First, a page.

2. In the CIE, hydrocarbons with low spontaneous ignition temperatures are preferable, whereby the compounds of low boiling points are unsuitable.

From the chemical composition viewpoint, petrol is a blend of hydrocarbons between C4 and C11, with boiling points between 25 and 210°C and in which we can find all types of hydrocarbons: paraffins, isoparaffins, olefins, aromatics, naphthenes, etc. They may also contain oxygenated compounds such as ethers (MTBE, ETBE, TAME3) and pure alcohols in variable proportions: minimum amounts of sulphur and nitrogen as well as additives (detergents, anti-knock, etc.).

From the chemical composition viewpoint, the diesel fuels are a blend of different components obtained from different refining processes, with a majority of hydrocarbons between C10 and C16, with boiling ranges between about 160 and 360°C, and low amounts of sulphur and nitrogen. Additives are also present in their formulations [24].

Petroleum is, even today, the source of energy most used worldwide, but it is not an inexhaustible source of energy; this fact, together with the need to protect the environment, has led to the search for new automotive fuels and for the modification of the characteristics of the existing ones. One of the paths chosen in recent years has been to include biofuels in the formulation of conventional automotive fuels given their great capacity for blend with petroleum-derived fuels [5].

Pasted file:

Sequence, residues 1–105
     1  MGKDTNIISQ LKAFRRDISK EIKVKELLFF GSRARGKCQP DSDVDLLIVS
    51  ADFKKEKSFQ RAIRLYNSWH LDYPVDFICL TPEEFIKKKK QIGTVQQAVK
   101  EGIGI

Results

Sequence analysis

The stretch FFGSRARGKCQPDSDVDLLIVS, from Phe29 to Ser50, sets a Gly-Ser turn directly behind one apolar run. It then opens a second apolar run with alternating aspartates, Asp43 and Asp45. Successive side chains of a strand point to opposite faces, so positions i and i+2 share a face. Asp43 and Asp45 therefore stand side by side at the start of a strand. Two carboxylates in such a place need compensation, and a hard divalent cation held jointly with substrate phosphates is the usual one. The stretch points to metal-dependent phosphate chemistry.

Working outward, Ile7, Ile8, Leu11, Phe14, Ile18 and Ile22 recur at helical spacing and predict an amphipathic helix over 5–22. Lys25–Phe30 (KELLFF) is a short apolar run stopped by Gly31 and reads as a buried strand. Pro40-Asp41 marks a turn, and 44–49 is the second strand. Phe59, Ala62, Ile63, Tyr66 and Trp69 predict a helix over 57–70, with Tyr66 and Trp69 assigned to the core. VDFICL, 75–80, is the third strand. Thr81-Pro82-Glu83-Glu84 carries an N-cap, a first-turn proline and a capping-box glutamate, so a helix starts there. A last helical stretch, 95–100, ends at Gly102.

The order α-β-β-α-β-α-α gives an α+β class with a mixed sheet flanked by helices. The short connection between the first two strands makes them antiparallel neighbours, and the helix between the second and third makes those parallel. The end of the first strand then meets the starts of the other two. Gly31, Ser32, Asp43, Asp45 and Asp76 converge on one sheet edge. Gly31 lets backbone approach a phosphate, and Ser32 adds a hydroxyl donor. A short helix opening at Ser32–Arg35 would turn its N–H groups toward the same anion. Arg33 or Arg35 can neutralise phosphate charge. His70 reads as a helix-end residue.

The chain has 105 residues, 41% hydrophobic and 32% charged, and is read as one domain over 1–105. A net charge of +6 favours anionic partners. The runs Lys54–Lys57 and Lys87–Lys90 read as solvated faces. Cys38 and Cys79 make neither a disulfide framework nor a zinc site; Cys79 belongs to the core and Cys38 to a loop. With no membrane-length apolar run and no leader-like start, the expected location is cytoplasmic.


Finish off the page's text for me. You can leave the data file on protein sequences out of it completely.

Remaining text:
Incorporating biofuels and/or bioethanol to petrol and biodiesel (FAME4) to diesel is a path to a more sustainable energy future and involves a great R&D effort since it is necessary to study how blending modifies fuel characteristics in the search for optimal behaviour in any automobile engine [6].

As a general rule, according to international specifications, petrol can be combined with bioethanol in a percentage not exceeding 10% by volume and diesel with biodiesel up to a maximum of 7% in volume without informing consumers about it. There are also specially designed vehicles that can support a mixture of petrol with 85% by volume of bioethanol (E85) and taxis or buses that use a mixture of diesel and biodiesel in a proportion of 70:30% by volume (B30) [7].

Now, any fuel which is in the market should guarantee that their use in an engine will provide the projected energy performance that it will satisfy any other capacity inherent to their use and it will perform to the environmental quality level required. In order to comply with these conditions, those fuels must comply with certain specifications, i.e. a set of physical and chemical characteristics with maximum or minimum specified values, obtained through test procedures or standards [8, 9], including their volatility.